Joined Feb 24, 2006
12,926
Originally posted by paultwang@Apr 9 2006, 10:32 PM
P is power
E is voltage

Solve for I (current)
[post=16021]Quoted post[/post]​
Rich (BB code):
P = E * I
Divide both sides of the equation by E
P/E = (E * I)/E
Cancel out the E's on the right hand side to get
P/E = I
You really don't know any algebra do you?
 

Thread Starter

tjjam2003

Joined Apr 5, 2006
22
The 2 questions read: If a 7.5-watt light bulb were connected to a 120 volt line, what would be the current drain of this bulb. they came up with 62.5 m amps. I'm not sure how to set the formula up.
#2) What voltage is required to cause a dissipation of 10 watts in a resistor when the current through the resistor is 150 mA? they come up with 66.67 volts. How do I set up the formula?
 

windoze killa

Joined Feb 23, 2006
605
Originally posted by tjjam2003@Apr 10 2006, 01:45 PM
The 2 questions read: If a 7.5-watt light bulb were connected to a 120 volt line, what would be the current drain of this bulb. they came up with 62.5 m amps. I'm not sure how to set the formula up.
#2) What voltage is required to cause a dissipation of 10 watts in a resistor when the current through the resistor is 150 mA? they come up with 66.67 volts. How do I set up the formula?
[post=16023]Quoted post[/post]​
All the required information has been supplied.

P=E*I

With this formula and the transposition of it you can solve all your questions.

It seems as if you would like us to give you the answers which I for one won't. I am not trying to be derogatory but these are very simple problems and shouldn't take much to work out.

You have the P, I and they give you the E in their answer. It should be easy enough to work it out.
 

Papabravo

Joined Feb 24, 2006
12,926
Originally posted by JoeJester@Apr 10 2006, 09:40 AM
You said you reviewed the material, but I just looked at Calculating Electric Power, and what did I find ... the formula you are seeking was there in plain view.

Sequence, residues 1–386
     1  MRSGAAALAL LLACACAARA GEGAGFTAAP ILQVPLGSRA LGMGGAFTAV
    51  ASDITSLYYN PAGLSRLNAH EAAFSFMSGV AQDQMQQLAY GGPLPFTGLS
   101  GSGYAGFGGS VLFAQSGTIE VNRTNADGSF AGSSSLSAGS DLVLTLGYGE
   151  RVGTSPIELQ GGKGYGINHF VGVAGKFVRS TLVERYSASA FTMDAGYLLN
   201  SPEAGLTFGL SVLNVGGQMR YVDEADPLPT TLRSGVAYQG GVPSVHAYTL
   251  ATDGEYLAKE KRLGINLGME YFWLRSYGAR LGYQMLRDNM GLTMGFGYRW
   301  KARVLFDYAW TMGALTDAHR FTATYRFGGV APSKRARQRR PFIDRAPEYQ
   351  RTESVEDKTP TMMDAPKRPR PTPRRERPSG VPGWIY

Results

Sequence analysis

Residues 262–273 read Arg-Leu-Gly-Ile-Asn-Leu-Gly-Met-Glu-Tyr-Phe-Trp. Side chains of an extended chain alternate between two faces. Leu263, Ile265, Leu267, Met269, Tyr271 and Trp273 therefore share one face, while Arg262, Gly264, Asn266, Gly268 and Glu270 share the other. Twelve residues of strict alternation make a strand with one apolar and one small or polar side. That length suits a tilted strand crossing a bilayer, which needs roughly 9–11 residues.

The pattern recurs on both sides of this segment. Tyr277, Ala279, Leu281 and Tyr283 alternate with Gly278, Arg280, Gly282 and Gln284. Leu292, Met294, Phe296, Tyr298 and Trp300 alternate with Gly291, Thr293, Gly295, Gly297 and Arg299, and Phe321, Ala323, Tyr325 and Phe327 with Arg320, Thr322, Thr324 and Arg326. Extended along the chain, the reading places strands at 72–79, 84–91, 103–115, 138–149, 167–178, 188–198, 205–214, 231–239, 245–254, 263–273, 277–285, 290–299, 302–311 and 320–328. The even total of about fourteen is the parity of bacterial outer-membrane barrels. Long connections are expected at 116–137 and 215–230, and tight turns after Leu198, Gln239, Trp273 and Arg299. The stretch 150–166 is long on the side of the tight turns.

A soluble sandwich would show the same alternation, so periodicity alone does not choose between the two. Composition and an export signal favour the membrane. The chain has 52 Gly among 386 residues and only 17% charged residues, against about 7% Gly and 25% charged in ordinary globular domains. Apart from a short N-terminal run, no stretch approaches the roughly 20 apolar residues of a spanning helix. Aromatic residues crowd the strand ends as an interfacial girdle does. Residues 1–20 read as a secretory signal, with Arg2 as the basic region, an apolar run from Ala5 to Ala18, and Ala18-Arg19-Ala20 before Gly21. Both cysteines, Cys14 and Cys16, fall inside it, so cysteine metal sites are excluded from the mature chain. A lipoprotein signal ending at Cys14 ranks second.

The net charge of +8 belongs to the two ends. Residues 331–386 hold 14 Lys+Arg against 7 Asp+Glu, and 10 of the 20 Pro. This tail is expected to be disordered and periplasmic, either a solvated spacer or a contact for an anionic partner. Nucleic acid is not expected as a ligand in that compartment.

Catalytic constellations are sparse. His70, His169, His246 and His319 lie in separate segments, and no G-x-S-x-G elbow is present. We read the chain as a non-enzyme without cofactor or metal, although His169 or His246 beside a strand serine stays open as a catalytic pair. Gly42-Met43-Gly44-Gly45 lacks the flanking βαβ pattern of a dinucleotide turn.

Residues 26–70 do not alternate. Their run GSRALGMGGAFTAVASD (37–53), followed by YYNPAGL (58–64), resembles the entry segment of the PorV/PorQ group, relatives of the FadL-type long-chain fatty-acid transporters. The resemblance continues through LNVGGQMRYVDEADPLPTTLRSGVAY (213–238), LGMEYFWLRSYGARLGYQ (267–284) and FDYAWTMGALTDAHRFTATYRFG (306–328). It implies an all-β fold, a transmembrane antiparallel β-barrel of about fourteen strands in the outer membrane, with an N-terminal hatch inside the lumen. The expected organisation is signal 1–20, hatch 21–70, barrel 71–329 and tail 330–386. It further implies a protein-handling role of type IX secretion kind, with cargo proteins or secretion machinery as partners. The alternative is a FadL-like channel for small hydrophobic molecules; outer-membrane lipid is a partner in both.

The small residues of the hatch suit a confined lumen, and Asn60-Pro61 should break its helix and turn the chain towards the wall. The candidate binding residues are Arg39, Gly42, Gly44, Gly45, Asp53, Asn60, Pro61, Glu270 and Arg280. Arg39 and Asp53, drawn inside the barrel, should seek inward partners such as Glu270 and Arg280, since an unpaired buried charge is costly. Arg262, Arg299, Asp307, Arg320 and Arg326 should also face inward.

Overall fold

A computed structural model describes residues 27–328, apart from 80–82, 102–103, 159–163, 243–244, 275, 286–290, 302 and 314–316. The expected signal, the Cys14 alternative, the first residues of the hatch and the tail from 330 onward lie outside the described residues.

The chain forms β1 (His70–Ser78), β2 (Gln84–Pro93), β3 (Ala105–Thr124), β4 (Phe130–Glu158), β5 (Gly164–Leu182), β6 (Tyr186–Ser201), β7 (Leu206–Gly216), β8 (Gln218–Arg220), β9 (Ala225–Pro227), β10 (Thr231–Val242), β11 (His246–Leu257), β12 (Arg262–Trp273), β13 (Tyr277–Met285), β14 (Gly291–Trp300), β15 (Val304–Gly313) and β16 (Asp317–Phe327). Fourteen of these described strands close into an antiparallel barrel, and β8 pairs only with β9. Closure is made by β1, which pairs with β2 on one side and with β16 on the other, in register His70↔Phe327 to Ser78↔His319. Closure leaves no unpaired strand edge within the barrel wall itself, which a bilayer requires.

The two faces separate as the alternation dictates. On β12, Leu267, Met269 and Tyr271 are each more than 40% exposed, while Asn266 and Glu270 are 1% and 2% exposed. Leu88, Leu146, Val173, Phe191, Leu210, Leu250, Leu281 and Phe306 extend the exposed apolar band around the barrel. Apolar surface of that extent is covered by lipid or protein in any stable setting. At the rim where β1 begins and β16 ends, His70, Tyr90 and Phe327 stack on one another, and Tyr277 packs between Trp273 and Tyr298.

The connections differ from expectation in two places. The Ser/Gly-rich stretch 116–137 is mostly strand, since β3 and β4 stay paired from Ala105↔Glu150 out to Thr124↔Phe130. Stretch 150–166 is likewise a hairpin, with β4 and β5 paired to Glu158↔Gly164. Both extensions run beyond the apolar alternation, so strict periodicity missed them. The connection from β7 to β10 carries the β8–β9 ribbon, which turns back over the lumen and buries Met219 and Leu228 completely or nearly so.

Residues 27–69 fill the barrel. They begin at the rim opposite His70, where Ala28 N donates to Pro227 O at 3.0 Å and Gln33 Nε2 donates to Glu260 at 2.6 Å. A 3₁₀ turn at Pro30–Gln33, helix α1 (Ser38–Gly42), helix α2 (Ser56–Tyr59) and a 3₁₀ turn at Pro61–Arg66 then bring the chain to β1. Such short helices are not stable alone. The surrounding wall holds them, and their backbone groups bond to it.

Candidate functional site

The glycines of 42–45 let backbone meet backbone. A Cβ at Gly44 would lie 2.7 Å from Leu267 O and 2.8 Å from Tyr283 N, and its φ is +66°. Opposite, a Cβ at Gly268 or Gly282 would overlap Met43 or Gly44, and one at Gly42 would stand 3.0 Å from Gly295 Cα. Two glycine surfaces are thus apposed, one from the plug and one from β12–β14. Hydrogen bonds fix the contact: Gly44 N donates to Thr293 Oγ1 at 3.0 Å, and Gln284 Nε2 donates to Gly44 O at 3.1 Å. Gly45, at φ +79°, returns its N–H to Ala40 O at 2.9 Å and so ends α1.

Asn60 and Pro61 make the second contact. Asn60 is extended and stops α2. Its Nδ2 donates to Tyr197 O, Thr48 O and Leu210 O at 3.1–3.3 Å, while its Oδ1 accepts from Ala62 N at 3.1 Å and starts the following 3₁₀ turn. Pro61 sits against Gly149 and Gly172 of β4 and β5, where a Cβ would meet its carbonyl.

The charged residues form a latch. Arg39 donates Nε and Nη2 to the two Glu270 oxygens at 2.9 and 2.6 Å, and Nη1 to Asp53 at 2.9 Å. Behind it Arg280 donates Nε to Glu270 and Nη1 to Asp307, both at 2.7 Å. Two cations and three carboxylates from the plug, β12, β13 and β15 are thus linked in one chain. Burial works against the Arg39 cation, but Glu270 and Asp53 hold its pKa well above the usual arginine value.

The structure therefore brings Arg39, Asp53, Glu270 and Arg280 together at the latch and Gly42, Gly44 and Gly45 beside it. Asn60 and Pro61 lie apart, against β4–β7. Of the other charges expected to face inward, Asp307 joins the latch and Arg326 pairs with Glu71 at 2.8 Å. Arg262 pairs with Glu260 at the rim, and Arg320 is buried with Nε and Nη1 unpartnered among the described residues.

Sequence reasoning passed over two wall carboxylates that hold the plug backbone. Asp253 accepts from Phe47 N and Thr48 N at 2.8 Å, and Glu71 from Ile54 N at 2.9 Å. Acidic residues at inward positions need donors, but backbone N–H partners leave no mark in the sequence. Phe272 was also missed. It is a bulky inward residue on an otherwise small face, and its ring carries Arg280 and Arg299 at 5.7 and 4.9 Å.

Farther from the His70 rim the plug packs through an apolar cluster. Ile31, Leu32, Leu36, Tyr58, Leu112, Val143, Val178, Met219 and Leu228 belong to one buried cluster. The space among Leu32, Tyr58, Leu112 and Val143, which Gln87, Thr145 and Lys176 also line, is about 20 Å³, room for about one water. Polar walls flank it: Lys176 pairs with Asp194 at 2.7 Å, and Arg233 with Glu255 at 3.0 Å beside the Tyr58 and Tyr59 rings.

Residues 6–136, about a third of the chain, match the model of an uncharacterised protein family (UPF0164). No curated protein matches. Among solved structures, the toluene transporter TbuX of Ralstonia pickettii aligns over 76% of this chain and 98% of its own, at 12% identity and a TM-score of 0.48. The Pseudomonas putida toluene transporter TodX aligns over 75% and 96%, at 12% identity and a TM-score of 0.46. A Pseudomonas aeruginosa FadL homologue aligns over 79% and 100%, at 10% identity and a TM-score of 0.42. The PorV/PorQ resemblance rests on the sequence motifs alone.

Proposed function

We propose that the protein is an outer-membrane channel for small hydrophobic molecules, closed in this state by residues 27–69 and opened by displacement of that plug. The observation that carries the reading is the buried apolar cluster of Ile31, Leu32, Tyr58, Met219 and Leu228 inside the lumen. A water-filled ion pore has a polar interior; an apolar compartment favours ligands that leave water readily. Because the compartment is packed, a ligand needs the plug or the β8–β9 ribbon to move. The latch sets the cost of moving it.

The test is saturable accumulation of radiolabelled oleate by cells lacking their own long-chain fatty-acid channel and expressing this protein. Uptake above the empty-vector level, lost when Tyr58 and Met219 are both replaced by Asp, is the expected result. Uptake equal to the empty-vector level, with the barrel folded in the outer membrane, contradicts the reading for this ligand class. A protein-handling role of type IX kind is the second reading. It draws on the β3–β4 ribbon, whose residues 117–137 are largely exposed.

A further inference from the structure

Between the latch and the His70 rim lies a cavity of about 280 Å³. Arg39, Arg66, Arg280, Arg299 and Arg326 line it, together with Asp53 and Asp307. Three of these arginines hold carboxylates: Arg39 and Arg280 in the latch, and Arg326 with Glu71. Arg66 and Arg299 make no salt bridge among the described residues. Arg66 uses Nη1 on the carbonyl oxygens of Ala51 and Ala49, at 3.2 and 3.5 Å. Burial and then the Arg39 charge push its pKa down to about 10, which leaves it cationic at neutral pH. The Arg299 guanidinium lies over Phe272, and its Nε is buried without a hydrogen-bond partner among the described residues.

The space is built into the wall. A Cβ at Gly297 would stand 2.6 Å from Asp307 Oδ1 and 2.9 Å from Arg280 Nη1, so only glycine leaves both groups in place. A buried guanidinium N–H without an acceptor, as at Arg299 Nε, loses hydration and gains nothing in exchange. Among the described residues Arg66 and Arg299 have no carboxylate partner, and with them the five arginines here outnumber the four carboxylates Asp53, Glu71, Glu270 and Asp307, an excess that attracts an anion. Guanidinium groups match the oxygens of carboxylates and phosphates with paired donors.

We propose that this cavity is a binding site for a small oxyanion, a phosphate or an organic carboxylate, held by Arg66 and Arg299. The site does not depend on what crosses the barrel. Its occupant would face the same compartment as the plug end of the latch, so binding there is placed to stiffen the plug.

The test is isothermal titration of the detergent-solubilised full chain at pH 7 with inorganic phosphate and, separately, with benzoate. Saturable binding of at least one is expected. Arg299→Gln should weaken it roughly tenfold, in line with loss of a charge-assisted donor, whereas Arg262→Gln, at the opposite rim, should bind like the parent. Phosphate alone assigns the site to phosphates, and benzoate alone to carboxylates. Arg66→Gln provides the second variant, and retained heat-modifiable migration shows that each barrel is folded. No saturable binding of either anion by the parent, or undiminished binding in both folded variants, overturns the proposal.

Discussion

[post=16036]Quoted post[/post]​
I think we're being spoofed. I'm just incredulous at this level of discourse. There seems to be a low order of probability for any alternative.
 

Thread Starter

tjjam2003

Joined Apr 5, 2006
22
No, you are not being spoofed. I am very weak in trig and algebra. I am not trying to get the answers the easy way. I am trying to work out the problems myself. I was just asking for HELP. I am starting on a very BASIC level (which is not basic enough because of my math skills).
I realize that you are way beyond my questions but it's all new to me.
Sorry if I rubbed you guys the wrong way. I will try harder
Thank you guys for all your help so far.
 
Originally posted by Papabravo@Apr 10 2006, 01:41 PM
Rich (BB code):
P = E * I
Divide both sides of the equation by E
P/E = (E * I)/E
Cancel out the E's on the right hand side to get
P/E = I
You really don't know any algebra do you?
[post=16022]Quoted post[/post]​
tjjam2003, Pababravo gave you the formula in this reply. He even transposed it to the way it needs to be for you calculations. Power divided by Voltage = Current you just need to put in the figures you have. We are sorry but this is the simplest it can go with out giving you the answers.